Jeremy Hunt to halve dividend allowance at Autumn Statement 2022 -- reports

Chancellor Jeremy Hunt is rumoured to be considering cutting the £2,000 dividend allowance in half at Autumn Statement 2022.

The cut would likely cost about £87.50 extra in tax for a limited company boss taking £40,000 in dividends a year, SG Contractor Accounting totted up for ContractorUK.

But when combined with the reinstated 1.25% points hike in the three dividend tax bands, and the corporation tax rise from April 2023, limited companies face a hefty total effective tax rate of 50.31%, according to calculations for ContractorUK by Moore Kingston Smith.

'Pretty worrying'

A tax-free dividend allowance of just £1,000 amid a cost of living crisis, high inflation and mortgage affordability issues, plus an incoming marginal corporation tax rate of 26.5%, will make PSCs wince.

Meredith McCammond, technical officer at The Low Incomes Tax Reform Group explained last night to ContractorUK.

“Taken together with the corporation tax increase for those with profits of over £50,000, and everything else at the moment, if I were a PSC contractor -- and especially if I had a big mortgage, I would be pretty worried.”

'Lot of tax to-ing and fro-ing'

But the dividend tax-free allowance being cut on November 17th is currently only a rumour.

First reported by the Financial Times, the newspaper presented no quote to back up its claims; cited them stemming from “people briefed on Treasury discussions,” and stated that Mr Hunt has not made a decision.

Contractor accountant Daniel Mepham feels like he’s been here before.

And after a string of U-turns, delays and broken promises, he’s not crunching too many numbers for his PSC clients just yet.

 “Let’s wait and see what happens,” the managing director of SG Contractor Accounting cautions. “We’ve had a lot of to-ing and fro-ing over the last few months on tax.

“But if the rumour is true, then it’s more chipping away at the contracting and small business communities. They got little support during covid, but government now expects them to pick up the bill.”

'Risk of dividend rates increasing further'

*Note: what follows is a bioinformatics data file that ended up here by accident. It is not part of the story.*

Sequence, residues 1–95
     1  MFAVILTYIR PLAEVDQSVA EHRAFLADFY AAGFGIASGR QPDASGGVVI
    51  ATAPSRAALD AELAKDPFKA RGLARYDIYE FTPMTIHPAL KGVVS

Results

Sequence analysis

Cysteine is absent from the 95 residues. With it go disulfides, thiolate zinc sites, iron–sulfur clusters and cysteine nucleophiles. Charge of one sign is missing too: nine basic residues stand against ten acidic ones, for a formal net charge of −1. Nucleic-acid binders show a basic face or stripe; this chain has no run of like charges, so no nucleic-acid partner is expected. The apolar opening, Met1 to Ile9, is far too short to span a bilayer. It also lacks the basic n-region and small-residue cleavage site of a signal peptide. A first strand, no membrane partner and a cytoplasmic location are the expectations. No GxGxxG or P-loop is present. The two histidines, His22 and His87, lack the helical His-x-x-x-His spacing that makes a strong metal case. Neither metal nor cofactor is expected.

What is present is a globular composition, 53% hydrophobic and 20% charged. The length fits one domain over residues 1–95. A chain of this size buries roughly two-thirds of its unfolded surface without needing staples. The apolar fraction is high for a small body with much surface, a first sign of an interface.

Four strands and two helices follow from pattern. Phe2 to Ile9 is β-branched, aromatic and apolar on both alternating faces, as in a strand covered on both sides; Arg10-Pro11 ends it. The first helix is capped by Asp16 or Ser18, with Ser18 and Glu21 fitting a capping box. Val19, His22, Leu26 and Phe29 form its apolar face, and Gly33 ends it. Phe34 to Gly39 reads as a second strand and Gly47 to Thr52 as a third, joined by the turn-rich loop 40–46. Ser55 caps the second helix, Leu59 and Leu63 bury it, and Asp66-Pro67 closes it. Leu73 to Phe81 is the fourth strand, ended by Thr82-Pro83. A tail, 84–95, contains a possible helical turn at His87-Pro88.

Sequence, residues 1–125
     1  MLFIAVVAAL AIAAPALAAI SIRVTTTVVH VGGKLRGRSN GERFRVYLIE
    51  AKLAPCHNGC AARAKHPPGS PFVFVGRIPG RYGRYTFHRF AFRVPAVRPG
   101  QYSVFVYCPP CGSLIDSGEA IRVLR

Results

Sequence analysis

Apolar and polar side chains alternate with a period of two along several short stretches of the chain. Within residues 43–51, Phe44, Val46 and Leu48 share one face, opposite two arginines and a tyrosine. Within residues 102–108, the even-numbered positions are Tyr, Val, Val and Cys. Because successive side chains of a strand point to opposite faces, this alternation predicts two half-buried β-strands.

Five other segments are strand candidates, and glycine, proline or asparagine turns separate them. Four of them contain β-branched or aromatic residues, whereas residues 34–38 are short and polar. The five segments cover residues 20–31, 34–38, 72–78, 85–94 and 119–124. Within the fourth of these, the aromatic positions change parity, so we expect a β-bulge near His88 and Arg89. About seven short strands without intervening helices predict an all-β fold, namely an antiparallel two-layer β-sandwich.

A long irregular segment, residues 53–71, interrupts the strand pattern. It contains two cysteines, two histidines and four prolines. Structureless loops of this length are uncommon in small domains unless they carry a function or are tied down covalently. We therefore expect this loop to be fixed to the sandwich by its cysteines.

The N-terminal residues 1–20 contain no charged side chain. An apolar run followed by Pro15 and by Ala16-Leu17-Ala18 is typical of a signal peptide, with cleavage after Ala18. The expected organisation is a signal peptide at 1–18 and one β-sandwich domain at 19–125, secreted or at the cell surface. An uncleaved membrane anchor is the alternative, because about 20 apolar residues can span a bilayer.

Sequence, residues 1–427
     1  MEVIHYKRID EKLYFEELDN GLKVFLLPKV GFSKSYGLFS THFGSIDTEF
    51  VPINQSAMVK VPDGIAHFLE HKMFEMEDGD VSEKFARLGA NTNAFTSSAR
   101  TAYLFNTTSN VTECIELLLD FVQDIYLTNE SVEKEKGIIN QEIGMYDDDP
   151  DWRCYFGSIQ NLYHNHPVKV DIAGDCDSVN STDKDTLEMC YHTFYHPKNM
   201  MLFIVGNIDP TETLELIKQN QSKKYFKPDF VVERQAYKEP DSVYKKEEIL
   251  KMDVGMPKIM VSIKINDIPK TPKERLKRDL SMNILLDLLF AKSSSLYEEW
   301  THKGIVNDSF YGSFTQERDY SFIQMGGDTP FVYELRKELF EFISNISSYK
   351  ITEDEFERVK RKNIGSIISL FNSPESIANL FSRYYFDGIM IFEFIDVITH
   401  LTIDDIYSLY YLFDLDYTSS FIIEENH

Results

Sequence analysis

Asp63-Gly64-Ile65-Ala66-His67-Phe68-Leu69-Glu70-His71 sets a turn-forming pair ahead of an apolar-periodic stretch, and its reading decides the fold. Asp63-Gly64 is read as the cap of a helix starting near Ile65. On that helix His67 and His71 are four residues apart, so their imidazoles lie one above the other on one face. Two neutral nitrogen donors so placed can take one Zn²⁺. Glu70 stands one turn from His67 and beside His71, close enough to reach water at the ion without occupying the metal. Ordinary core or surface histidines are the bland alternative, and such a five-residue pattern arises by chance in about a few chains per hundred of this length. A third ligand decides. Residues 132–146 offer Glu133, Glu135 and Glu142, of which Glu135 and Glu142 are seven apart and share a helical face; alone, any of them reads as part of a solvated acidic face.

Even without Hunt’s rumoured cut to the dividend allowance, which is estimated to raise £455million in the next tax year, the chancellor is already penalising individuals receiving their income as dividends but not those receiving income as earnings.

In fact, the National Insurance Contributions increase of 1.25% points has been reversed, whereas the same percentage points increase has not been reversed on dividends.

Tasked with bridging a £50billion gap in the UK’s finances, the chancellor could go even further next Thursday on dividends by adding an additional 1.25% points onto dividend rates currently -- 8.75% (basic); 33.75% (higher); 39.35% (additional).

“The risk of dividend tax rates increasing further on November 17th remains,” Tim Stovold, partner at Moore Kingston Smith told ContractorUK.

“But any increase should only apply from that date, so, if individuals are due to take dividends in 2022/23 anyway, paying dividends and putting the appropriate paperwork in place to evidence them being paid could shelter individuals in the short term from further tax increases.”

'Limited companies face total effective tax rate of 50.31 per cent'

And the taxation increases already on the statute books for incorporated businesses are swingeing. A chartered accountant, Mr Stovold explained:

“Before the dividend rates of tax increased in April 2022, the total effective rate of tax was 45.33%, due to corporation tax at 19% …[and higher rate dividend tax of] 32.5%.

“When we look forward to April 2023, the corporation tax rate increases to 25% and the dividend tax rate increases to 33.75%, giving a total effective rate of 50.31%.”

'Operating via PSC being made even more difficult'

The chartered accountant said this represents a “significant tax increase” on contractors, “possibly with further to come”, so “operating via a PSC is being made even more difficult.”

But as halving the dividend allowance will likely mean only “around” £87.50 extra to HMRC every year on dividends of £40,000, SG believes contractors will choose their battles.

“It may be worth accelerating dividends prior to any dividend tax hike, meaning take more now and less later if there’s a hike, but we expect PSCs have other things to revolt about.”

Elaborating, the tax firm’s Mr Mepham - who estimates an outlay to HMRC of £500 a year on £40,000 dividends once both the allowance cut and the 1.25% points hike is factored in, continued: “The fiasco of the off-payroll repeal reversal -- for a start.”

'Small beer'

A tax partner at RSM Tenon, Chris Etherington is also trying to keep an eye on the bigger picture.

“In the grand scheme of things, this [envisioned money to be raised from slashing the dividend allowance to £1,000] is relatively small beer,” he posted.

“Perhaps [that is] the most worrying part of this, as if they’re scrabbling around for extra tax revenues from the likes of this, then what else can we expect [on November 17th]?”

Etherington also warned on LinkedIn that four million taxpayers could be hit by Hunt halving the dividend allowance, with the “vast majority” of those each on a total income of under £50,000.

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Written by Simon Moore

Simon writes impartial news and engaging features for the contractor industry, covering, IR35, the loan charge and general tax and legislation.
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